The Demonstration Effect and Women in Politics - Minero Magazine

Posted Апреля 16, 2017

Story By Julia Hettiger Illustrations and Design by Jacobo de la Rosa

With just a simple movement, a whole row of dominoes tumbling-one by one knocking each other down. This is known as the domino effect, but it can be a social occurrence in more than just its traditional meaning. When presidential candidate Hillary Clinton announced her campaign for the presidency in 2014, there was an uproar from the female population. It seemed to have a prolific shift in females' roles in politics, increasing women's participation. Along with the spike, there has been debate about whether women are clearly informed about Clinton's political agenda or whether they are simply voting for her because she is a woman.

Social scientists classify this as the demonstration effect. If a woman is a heavily involved in politics, she is more likely to become involved as well. April Rumgay, a graduate student in political science, says that while this may cause more women to become involved in politics, there will still be a dramatic gap between men and women. "The demonstration effect plays a role in this, however, I do Do not believe that it will play a significant enough role where the right number of women will become involved in politics, "April says. "Right now, women are disproportionately underrepresented in politics and that number is not going to get any better, I do not think, with a female president."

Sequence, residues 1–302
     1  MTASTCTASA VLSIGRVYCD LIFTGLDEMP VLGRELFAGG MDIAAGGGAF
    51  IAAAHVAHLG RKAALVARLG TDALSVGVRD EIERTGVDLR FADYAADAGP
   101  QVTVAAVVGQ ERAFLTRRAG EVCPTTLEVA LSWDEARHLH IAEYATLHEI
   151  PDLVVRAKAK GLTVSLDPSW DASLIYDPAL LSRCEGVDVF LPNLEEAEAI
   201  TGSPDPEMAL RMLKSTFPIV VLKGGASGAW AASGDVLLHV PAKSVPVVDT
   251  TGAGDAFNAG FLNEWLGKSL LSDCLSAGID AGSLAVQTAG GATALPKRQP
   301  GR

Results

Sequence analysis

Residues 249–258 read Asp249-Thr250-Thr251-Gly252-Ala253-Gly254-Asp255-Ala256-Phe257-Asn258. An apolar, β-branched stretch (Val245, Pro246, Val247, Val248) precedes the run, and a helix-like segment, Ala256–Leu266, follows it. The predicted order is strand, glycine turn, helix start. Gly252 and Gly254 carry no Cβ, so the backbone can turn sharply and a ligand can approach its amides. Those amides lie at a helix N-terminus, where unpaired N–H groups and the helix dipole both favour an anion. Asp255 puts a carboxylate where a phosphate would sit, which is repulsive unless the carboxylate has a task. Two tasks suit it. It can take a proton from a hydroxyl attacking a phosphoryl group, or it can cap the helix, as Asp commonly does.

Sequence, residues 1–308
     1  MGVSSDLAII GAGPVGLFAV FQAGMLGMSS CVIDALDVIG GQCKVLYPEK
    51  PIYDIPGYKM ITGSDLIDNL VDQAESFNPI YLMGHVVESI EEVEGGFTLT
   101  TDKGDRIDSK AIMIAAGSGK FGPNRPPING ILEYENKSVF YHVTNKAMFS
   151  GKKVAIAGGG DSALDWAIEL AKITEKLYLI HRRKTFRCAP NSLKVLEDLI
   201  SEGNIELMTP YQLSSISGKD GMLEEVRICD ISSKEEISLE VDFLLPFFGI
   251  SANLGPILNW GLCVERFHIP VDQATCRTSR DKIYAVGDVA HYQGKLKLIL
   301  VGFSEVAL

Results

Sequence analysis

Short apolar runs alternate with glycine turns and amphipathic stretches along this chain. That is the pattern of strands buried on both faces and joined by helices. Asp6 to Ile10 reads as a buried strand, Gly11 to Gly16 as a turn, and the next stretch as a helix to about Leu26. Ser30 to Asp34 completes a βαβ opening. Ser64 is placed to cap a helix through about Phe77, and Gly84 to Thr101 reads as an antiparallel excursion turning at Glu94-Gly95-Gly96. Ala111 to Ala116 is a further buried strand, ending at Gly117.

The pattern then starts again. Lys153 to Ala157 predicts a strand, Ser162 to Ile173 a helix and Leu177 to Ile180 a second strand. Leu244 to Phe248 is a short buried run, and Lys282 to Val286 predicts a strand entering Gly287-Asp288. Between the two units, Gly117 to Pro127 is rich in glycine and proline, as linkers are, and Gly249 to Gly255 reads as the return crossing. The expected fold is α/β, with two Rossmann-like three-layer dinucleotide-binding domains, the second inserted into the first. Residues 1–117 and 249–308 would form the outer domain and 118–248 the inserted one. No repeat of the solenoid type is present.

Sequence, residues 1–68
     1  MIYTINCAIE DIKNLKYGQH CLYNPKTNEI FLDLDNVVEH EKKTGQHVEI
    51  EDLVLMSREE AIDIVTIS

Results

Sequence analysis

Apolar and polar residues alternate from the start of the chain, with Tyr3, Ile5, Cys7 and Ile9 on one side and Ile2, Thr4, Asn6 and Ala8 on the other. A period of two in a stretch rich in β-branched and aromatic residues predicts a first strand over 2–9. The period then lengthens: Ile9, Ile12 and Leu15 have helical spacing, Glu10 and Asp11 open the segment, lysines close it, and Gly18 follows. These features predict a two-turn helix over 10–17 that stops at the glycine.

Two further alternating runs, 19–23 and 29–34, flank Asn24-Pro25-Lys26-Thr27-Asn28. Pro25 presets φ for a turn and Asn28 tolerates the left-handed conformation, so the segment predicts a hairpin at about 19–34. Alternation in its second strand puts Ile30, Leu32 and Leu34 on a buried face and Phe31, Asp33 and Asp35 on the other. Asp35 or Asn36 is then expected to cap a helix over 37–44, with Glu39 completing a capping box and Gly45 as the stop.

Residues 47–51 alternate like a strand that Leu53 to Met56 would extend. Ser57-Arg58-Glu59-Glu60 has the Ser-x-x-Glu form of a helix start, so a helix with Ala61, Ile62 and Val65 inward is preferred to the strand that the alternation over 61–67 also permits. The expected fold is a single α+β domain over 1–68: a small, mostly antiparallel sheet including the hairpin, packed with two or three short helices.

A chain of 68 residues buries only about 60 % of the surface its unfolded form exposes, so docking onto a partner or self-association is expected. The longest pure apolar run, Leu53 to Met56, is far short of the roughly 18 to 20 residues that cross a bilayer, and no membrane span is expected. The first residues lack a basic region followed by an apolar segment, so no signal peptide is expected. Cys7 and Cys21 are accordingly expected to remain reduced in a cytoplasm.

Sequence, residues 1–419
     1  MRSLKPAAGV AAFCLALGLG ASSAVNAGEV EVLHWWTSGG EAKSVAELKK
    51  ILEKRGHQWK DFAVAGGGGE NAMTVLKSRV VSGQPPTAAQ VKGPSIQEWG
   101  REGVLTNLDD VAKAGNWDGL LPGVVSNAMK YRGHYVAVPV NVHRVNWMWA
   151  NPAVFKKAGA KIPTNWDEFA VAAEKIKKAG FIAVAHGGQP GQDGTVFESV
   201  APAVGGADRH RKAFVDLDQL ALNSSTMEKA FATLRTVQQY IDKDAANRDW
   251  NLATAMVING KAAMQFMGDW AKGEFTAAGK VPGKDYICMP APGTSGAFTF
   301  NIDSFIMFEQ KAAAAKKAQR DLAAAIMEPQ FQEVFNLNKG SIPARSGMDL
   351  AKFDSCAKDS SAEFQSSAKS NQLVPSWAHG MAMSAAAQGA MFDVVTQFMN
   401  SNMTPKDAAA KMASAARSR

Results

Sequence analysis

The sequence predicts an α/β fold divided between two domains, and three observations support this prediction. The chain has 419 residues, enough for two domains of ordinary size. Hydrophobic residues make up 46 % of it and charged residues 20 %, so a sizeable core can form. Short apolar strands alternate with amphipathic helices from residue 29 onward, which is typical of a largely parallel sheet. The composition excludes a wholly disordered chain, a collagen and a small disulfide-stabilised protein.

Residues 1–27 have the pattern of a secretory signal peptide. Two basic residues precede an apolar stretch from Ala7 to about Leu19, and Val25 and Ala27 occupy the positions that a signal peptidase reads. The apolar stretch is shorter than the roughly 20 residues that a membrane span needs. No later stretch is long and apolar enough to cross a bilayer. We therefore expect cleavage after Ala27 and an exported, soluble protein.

The same effect happened when, in 2007, Barack Obama announced his campaign for presidency. There was a surge in the number of African Americans taking new interest in politics, but there was little to no effect on the number of non-Caucasian politicians.

According to the South Asia Institute at Harvard University, the demonstration effect could help increase the number of women involved in political leadership roles, but the method would take many years to provide significant results.

to a study by The Nation Magazine, women hold less than 20 percent of congressional seats in the United States, less than 25 percent of the statewide and state legislative positions and only 12 of the major 100 cities have female mayors. p> Despite being underrepresented, those women who hold government positions are treated differently than men. Lydia Ness-Garcia, co-founder of the awareness group Stand with El Paso Women, a group dedicated to shining light on women's rights and issues, said she has noticed a dramatic difference between the way men and women involved in politics are treated, respectively. .

"I think that women in politics still have a hard time being judged by a double standard in terms of having to look both like they are competent, but without being too aggressive," Ness-Garcia says "You hear certain questions that are asked of women in terms of who their hair is, who dressed them and what kind of clothes are they wearing. "

Women's lack of participation in politics is not the only issue highlighted by Clinton's presidential aspirations-women's understanding of other candidates' political agendas has come into question as well. Of the number of women taking a new interest in politics because of Clinton's campaign, it is hard to determine which ones truly understand the issues.